Professor Simon Fisher, a member of the team, and Director of the Language and Genetics Department at Nijmegen's Max Planck Institute, added: "Genes play a substantial role in autism and scientists have begun to pinpoint some of the individual genes involved. Synaesthesia is also thought to be strongly genetic, but the specific genes underlying this are still unknown. This new research gives us an exciting new lead, encouraging us to search for genes which are shared between these two conditions, and which might play a role in how the brain forms or loses neural connections."
Donielle Johnson, who carried out the study as part of her Master's degree in Cambridge, said: "People with autism report high levels of sensory hyper-sensitivity. This new study goes one step further in identifying synaesthesia as a sensory issue that has been overlooked in this population. This has major implications for educators and clinicians designing autism-friendly learning environments."
Read more here

Insomnia increases risk of death

A study finds a link between insomnia and increased mortality risk.

Insomnia, the most common sleep disorder, affects up to one-third of the population in the United States. In new findings, researchers from Brigham and Women's Hospital (BWH) have found that some insomnia symptoms are associated with an increased risk of mortality in men. These findings are published online in Circulation and will appear in an upcoming print issue.
"Insomnia is a common health issue, particularly in older adults, but the link between this common sleep disorder and its impact on the risk of death has been unclear," said Yanping Li, PhD, a research fellow in the Channing Division of Network Medicine at BWH and lead author of the paper. "Our research shows that among men who experience specific symptoms of insomnia, there is a modest increase risk in death from cardiovascular-related issues."
Specifically, researchers report that difficulty falling sleep and non-restorative sleep were both associated with a higher risk of mortality, particularly mortality related to cardiovascular disease.
Researchers followed more than 23,000 men in the Health Professionals Follow-Up Study who self-reported insomnia symptoms for a period of six years. Beginning in 2004 through 2010, researchers documented 2025 deaths using information from government and family sources. After adjusting for lifestyle factors, age and other chronic conditions, researchers found that men who reported difficulty initiating sleep and non-restorative sleep had a 55 percent and 32 percent increased risk of CVD-related mortality over the six year follow up, respectively, when compared to men who did not report these insomnia-related symptoms.
"We know that sleep is important for cardiovascular health and many studies have linked poor or insufficient sleep with increased risk factors for cardiovascular-related diseases," said Xiang Gao, MD, PhD, a researcher in the Channing Division of Network Medicine at BWH and Harvard School of Public Health and senior author of this study. "Now we know that not only can poor sleep impact disease risk, but it may also impact our longevity. While further research is necessary to confirm these findings, there is overwhelming evidence that practicing good sleep hygiene and prioritizing sufficient and restful sleep is an often overlooked but important modifiable risk factor in overall health."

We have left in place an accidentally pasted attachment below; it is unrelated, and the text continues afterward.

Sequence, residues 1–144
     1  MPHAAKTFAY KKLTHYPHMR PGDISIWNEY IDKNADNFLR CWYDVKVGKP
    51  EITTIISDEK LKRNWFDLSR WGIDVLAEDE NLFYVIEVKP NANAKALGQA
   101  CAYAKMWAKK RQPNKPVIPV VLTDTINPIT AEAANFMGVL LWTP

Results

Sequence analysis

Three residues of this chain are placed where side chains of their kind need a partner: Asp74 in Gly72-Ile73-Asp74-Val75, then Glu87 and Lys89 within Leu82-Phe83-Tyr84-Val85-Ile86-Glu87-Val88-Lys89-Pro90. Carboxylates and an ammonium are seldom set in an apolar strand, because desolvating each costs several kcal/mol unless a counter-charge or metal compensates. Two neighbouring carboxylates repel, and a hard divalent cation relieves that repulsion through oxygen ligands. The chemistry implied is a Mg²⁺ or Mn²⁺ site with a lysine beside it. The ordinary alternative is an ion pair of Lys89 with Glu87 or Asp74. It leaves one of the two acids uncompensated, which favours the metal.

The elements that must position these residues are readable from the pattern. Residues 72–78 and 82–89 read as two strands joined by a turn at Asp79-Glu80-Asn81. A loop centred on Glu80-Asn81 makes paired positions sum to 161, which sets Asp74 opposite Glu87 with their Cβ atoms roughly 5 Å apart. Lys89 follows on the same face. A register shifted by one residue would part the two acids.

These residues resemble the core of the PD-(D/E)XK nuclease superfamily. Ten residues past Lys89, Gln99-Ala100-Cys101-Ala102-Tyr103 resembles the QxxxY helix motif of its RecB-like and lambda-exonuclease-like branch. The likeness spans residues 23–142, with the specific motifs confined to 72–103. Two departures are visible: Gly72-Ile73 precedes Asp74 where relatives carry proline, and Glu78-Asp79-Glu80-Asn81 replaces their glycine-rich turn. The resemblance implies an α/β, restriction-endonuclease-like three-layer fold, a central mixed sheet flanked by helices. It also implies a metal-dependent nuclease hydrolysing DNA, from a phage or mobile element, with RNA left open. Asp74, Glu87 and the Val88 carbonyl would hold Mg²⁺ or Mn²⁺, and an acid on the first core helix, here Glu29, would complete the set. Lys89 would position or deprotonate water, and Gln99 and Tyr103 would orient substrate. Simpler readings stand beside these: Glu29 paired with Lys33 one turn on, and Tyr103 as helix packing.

Read more here

Too much computer time makes autistic children sleep less

Autistic children are prone to sleep disorders, and excess screen time could add to the likelihood of sleep disorders in these children.

Kids with autism and related disorders are prone to sleep disturbances but a new study finds that screen time, especially in the bedroom, may make their sleep problems worse.
When researchers compared boys with autism spectrum disorders (ASD) to other boys, they found that all the kids with bedroom access to media slept fewer hours, but the relationship was twice as strong for the boys with autism.
"In-room media access was associated with about 1.5 fewer hours of sleep per night in the group with autism," said Christopher R. Engelhardt, who led the study at the University of Missouri-Columbia.
"This association can potentially be problematic, particularly if the reduction in sleep interferes with other daily activities, such as school, homework, interactions with other people, or driving," he told Reuters Health in an email.
Past studies suggest that up to 80% of kids with autism, and related conditions like Asperger's disease, experience sleep troubles, including difficulty falling asleep or staying asleep through the night.
Hormone melatonin
Children with attention deficit hyperactivity disorder (ADHD) also are known to have a high rate of sleep disturbances. With both conditions, it's unclear why sleep is so difficult.
Theories include a disruption in sleep-wake cycles that are regulated by the hormone melatonin, which is often deficient in kids with ASDs, Engelhardt and his colleagues write in Paediatrics.  Because kids with autism spectrum disorders, like those with ADHD, also tend to spend a lot of time watching TV and playing video or computer games, the researchers wondered whether that could be contributing to their sleep problems.
So they recruited the parents of 49 boys with autism spectrum disorders, 38 with ADHD and 41 comparison boys with typical development to fill out questionnaires about their children's bedroom screen access and sleep patterns.